As someone interested in property investment, or if you’re in business, you’d know the importance of consumer confidence in helping make the (economic) world go round.
According to Martin Lakos, Division Director, Wealth Management at MacQuarie Bank if you turn your attention away from some of the negative news for just a moment, you may realise that Australia is currently in a better position than many of us may be feeling.
Here’s what he had to say:
Overseas trading partners gaining momentum
Let’s look overseas first to our trading partners.
In the case of Japan, they are working very hard to break a 20-year deflationary cycle and appear to be succeeding.
China’s economic growth has just been reported at a solid 7.5%; this compares to Australia’s growth of 2.9%.
Macquarie has been forecasting for some time that China’s growth will pick-up in the second half of this year and this looks like it is now on track.With manufacturing turning positive, we expect a greater proportion of growth to come from Chinese consumption.
The US has been recovering well, with housing, manufacturing and exports all gaining momentum. They are not yet back to what is considered ‘normal’ levels, but have still seen significant gains.
For example, during the worst of the global financial crisis (GFC) in 2009, new housing starts (meaning the number of new houses starting construction) were below 500,000 per year, as compared to the long-term average of 1.5 million.
Currently housing starts are around one million per year, so there has been a strong rebound with plenty of upside. Housing activity is key for a developed economy’s growth, as so many other consumer-related activities come from building a house.
Australia has just negotiated significant ‘free trade agreements’ with Korea and Japan, and China is next on the list.
Over time, these will promote our key exports and make them more competitive, including iron ore, energy, beef, education and tourism, as well as see Australia benefiting from cheaper imported products.
Looking to Europe, the pace of recovery there will be slow. The European Central Bank continues to support the European Union with sustained low interest rates and low-cost funding for banks.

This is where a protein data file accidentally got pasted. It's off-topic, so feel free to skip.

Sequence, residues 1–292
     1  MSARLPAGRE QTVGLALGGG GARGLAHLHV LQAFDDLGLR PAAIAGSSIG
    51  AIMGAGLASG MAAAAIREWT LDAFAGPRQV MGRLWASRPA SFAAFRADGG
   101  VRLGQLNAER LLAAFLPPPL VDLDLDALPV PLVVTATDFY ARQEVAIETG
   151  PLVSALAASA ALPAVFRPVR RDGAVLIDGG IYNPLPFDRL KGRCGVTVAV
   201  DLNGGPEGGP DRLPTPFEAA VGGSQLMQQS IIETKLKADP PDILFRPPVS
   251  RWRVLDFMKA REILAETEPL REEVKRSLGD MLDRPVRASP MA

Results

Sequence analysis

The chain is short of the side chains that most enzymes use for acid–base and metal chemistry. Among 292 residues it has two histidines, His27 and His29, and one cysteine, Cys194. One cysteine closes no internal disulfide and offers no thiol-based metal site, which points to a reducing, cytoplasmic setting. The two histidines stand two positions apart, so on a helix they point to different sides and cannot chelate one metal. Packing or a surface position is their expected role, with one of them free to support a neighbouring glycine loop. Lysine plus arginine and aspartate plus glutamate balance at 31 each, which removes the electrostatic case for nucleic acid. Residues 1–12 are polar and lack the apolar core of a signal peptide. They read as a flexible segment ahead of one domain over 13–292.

The economic powerhouse, Germany, continues to do well, driven by export growth. If stock markets are a leading indicator, European businesses are recovering as profits rise.
Australia’s transitioning economy and leading indicators
So, the developed world and China are gaining momentum and that is good for Australia.
What about developments on our local shores? Yes, Australia has gone through a period of higher taxes and regulation.
Our GFC legacy is a budget that needs to be repaired, but Australia is viewed very highly by foreign investors, in particular for its Triple A rated economy and banking system.
This is one of the reasons why the Australian dollar is elevated from what we think is fair value of around US89 cents.
The Australian economy is transitioning from a reliance on the mining sector to a more normal spread of sectors contributing.
An example of this happening is that existing home prices have gone up. They are now cooling a little, but the demand created has shifted to driving a pick-up of new housing, as indicated by rising building approvals.
The unemployment rate is set to rise a little towards 6.25%, but don’t forget this data is a lagging indicator, not forward-looking.
Job advertisements growth is a forward-looking indicator and has now risen for the past four months, indicating businesses are starting to see improvements and looking to employ staff to support the new activities.
Australian economy moving in the right direction
With all these factors in mind, Macquarie Research gauges that the downside risks to Australian economic growth are diminishing, so much so that it has raised its growth forecasts for 2014 to 2.9% and for 2015 to 2.7%. These are still below the long-term trend of 3.25%, but the movement is in the right direction.
The Reserve Bank of Australia has been very consistent in its monetary policy settings. It has kept official rates at 2.5% since August 2013, supporting a pick-up in growth and we forecast this rate will remain in place until early 2016.
This improving picture, along with a prolonged period of historically low interest rates, will ultimately build more confidence.
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